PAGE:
West's continued use of sanctions has less effect, according to Prof at U of South-Eastern Norway Glenn Diesen
... as the international system becomes more multi-polar. For example, Belarus, recently sanctioned by the EU for its human rights violations (following their grounding of a plane to arrest a Belarussian blogger), has other options in Russia. The US also sanctioned Myanmar following the coup, but they also have access to China and Russia.
The hope with sanctions is that by undermining the whole economy of a country the population made to suffer will put pressure on their government to change. It is considered by some to have worked on Iran following the first Gulf War. There are also economic consequences in other countries including the one doing the sanctioning, such as in the US where the price of gas is driven up in line with sanctions on Iran. Thereby, such sanctions can end up helping other countries that may not be allies. It can also lead to negative consequences for the sanctioning country when it imposes sanctions on other countries for things it also does but expects to not be criticized for (many have pointed out that the US and EU also grounded a plane in 2014 to try to aprehend Edward Snowden - Austria grounded the plane from its airspace).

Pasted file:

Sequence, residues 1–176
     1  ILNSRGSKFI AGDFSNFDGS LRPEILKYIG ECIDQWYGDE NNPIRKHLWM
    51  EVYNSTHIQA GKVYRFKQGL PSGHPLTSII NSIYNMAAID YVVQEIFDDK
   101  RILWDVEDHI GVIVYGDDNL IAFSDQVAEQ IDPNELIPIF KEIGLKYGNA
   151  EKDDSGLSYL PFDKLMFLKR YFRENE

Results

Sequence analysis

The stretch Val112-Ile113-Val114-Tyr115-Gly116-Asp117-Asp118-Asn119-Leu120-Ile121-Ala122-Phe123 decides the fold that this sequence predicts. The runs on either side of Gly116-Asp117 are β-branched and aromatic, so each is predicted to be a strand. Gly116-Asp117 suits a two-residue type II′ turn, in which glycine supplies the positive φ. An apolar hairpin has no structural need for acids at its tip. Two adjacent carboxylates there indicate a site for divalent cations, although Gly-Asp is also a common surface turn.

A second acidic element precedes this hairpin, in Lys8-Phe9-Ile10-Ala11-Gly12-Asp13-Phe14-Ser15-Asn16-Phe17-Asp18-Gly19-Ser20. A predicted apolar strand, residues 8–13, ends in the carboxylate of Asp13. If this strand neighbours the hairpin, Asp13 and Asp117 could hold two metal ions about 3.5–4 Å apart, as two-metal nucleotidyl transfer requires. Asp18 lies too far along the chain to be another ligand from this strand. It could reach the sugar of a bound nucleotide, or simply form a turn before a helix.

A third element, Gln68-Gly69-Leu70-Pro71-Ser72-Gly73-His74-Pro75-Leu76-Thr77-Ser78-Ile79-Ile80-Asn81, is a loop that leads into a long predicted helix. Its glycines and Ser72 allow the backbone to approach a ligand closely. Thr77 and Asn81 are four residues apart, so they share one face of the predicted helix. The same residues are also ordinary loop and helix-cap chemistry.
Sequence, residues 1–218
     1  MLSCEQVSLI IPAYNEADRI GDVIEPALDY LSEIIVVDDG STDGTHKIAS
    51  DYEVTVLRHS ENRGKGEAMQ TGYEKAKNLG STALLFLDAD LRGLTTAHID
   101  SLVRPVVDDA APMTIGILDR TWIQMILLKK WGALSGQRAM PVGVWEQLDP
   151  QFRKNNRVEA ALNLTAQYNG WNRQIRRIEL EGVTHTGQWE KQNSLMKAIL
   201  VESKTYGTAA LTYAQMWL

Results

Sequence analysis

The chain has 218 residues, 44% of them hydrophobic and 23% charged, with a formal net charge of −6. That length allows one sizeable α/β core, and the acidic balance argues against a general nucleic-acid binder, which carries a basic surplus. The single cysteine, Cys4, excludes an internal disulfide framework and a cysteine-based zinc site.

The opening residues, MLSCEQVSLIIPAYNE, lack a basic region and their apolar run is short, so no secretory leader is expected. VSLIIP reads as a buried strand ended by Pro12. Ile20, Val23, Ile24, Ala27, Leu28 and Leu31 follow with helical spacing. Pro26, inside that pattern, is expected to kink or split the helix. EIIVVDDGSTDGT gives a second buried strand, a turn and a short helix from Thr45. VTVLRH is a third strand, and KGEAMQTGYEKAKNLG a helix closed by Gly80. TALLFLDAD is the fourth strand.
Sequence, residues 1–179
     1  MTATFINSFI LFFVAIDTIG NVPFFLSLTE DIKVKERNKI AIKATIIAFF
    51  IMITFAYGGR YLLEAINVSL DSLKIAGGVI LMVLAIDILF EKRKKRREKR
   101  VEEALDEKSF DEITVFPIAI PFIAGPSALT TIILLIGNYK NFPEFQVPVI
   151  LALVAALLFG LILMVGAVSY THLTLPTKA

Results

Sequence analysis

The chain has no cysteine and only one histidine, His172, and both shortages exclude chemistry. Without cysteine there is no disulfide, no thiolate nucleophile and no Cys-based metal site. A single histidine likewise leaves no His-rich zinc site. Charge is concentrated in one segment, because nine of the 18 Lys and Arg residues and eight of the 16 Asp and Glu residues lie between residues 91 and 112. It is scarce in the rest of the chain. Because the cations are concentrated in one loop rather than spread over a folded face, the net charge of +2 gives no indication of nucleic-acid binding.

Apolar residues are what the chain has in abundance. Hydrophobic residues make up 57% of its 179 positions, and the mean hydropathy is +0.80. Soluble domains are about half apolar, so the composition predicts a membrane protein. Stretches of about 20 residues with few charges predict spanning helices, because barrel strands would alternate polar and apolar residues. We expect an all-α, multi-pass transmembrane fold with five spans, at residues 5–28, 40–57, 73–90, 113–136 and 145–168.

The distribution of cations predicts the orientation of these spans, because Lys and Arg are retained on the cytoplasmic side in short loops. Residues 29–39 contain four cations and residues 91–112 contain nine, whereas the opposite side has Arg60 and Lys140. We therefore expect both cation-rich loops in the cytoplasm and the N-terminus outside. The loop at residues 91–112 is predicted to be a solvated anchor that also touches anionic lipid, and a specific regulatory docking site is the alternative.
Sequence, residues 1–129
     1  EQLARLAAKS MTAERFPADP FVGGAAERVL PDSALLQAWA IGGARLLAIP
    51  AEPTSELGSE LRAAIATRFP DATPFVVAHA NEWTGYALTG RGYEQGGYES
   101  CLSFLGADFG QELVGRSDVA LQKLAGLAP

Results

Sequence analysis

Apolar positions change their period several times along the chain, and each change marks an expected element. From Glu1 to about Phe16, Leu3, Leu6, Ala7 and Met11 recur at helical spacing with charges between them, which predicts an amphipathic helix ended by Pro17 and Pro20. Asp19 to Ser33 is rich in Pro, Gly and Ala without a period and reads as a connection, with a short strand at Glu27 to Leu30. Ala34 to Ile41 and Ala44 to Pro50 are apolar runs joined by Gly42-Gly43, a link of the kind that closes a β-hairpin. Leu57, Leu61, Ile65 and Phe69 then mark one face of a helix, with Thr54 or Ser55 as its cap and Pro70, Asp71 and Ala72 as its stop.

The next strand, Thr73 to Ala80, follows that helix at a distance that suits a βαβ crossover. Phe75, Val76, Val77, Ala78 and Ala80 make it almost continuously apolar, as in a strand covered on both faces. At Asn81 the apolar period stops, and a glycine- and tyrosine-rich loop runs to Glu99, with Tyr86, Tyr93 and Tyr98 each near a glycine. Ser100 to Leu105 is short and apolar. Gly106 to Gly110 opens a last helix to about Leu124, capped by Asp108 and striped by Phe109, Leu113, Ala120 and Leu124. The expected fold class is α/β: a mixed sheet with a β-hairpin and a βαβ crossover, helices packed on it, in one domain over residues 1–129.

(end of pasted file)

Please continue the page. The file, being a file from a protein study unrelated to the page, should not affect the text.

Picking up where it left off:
The use of longlasting or permanent sanctions, especially when the sanctioned country has little ability to make concessions, it just leads to the sanctioned country learning to live without the countries that imposes the sanctions, according to Diesen.
Anti-Russian sanctions following Crimea and Ukraine in 2014 didn't lead to Russia capitulating to the West or destroying the Russian economy. Russia rewired its economy to the East, forming a strategic partnership with China, reducing its vulnerability by cutting exposure to Western industries, tech, transportation corridors, banks, payment systems. Same with Iran. And now Belarus.
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